Consider the following—Apple’s current Market Cap is just under $500 billion while its 2011 revenues were approximately $108 billion. In other words, revenue from operations roughly represents only 22% of the value assigned to Apple by Wall Street analysts. The balance of Apple’s enterprise value, 78% of total, is attributable to analysts’ assessments of the intangible contributors to revenue generation and value appreciation. Intangibles matter.
Aspire to reach and sustain peak performance? If so, you will not only need to have great products and services, efficient operations and supply chain management, etc., but will also need to bring focus and investment to optimizing intangibles. For instance, you will have to become a magnet for top talent, build and sustain a culture capable learning, adapting and innovating ahead of the competition and able to turn on a dime in anticipation of possibility and opportunity while proactively adjusting to inevitable market disruptions.
Your talent and teams must know, align with, focus on and act consistent with What Matters. Leaders and managers must understand and become facile at catalyzing creative engagement and contribution while establishing and modeling high standards for interaction, performance and brand consistency.
You will want to take whatever actions are necessary to assure that your people and teams are strong, accountable, cross-functional collaborators that routinely transform customers (internal as well as external) into passionate advocates. To reach your full potential, egos will need to be left at the door. Effort will be appreciated, but results will win the day.
On the other hand, you might find yourself thinking that while interesting, these efforts seem a bit over the top. Just as you are today, you have a market leading product, strong corporate relationships and a track record of success. Why make the effort or divert funds from Ops to these “soft” endeavors when life is pretty darn good just as it is?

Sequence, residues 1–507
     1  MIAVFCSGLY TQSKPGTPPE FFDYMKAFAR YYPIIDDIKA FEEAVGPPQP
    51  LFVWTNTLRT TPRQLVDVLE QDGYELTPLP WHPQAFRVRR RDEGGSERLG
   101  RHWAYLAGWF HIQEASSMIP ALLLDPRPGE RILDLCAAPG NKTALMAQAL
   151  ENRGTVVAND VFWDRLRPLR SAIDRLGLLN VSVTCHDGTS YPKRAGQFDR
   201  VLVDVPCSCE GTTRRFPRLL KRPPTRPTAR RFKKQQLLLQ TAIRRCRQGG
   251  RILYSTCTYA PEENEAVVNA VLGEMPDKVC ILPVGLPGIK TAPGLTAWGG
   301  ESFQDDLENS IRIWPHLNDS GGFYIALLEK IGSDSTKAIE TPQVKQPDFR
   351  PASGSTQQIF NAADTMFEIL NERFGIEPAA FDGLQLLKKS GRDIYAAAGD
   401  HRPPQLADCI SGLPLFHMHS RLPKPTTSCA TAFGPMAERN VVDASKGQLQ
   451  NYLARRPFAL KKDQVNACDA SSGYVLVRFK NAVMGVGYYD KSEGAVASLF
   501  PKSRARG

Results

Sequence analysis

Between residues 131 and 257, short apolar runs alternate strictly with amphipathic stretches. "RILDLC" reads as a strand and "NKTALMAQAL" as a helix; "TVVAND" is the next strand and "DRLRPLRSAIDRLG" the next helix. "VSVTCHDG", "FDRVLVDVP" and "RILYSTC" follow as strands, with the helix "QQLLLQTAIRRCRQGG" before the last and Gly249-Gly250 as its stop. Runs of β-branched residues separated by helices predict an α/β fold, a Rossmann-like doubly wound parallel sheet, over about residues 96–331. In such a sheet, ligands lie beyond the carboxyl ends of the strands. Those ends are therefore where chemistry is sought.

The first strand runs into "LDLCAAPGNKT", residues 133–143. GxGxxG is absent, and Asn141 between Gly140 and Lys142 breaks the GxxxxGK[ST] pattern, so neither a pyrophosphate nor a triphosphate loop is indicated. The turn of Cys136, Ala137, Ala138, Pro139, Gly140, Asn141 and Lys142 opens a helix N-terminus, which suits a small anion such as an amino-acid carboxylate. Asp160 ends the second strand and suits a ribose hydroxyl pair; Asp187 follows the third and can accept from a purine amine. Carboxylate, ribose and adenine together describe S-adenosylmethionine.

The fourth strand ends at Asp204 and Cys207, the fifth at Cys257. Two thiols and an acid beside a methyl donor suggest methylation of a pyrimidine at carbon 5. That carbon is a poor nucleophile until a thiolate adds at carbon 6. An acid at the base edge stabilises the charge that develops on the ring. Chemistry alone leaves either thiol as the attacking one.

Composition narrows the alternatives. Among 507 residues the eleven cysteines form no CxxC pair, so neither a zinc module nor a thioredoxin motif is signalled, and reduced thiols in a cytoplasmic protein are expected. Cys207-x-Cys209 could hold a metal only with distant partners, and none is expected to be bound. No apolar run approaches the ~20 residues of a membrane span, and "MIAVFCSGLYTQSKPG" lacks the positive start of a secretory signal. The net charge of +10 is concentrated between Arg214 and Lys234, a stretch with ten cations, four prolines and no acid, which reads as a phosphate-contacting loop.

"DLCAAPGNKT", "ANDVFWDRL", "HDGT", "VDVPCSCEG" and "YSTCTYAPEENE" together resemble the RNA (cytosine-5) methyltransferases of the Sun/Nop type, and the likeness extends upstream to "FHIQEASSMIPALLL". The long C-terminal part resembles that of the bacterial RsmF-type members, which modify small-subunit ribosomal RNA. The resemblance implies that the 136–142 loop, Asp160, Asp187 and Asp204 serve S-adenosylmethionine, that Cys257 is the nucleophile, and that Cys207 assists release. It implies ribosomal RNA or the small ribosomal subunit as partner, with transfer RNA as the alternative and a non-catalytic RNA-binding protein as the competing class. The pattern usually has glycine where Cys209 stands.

For the answer, take a look at the recent article, Blackberry Season, by James Surowiecki on the Financial Page of the February 13 edition of the New Yorker. Chronicling the downward spiral of RIM, widely recognized as the market leader in smartphones not long ago, Mr. Surowiecki tracks the fall of its primary product—the Blackberry—from 44% of the smartphone market in 2009 to just 10% last year. Suggesting that RIM change the name of its flagship product to “Slackberry”, the article notes that stock prices are down 75% and the CEO has recently been replaced.
There isn’t much one can add to the sad fate of RIM, but just for the fun of it, let’s compare RIM’s stats with those delineated above for Apple. RIM’s market cap is $7.4 Billion. Not bad.
But, its revenues are $19.8 Billion—roughly 2.6 times market cap. What does this tell you about Wall Street’s assessment of the value-add of RIM’s intangibles?
In general, intangibles represent 50-75% of market valuation. Revenues from Ops make up the balance.
Take a look at almost any cross section of companies and do the numbers. But, be warned, those organizations tied to legacy cultures accustomed to doing business within traditional constructs of siloed cultures and rigid mindsets—think financial services and diversified media/publishing—will trend toward 50/50 or, in some cases, the reverse order with revenues exceeding market cap, like RIM.
Full potential leaders understand the value of intangibles. Continuously investing in talent and the building of differentiating capabilities, winning leaders proactively optimize intangibles. Intangibles matter.
Think about it!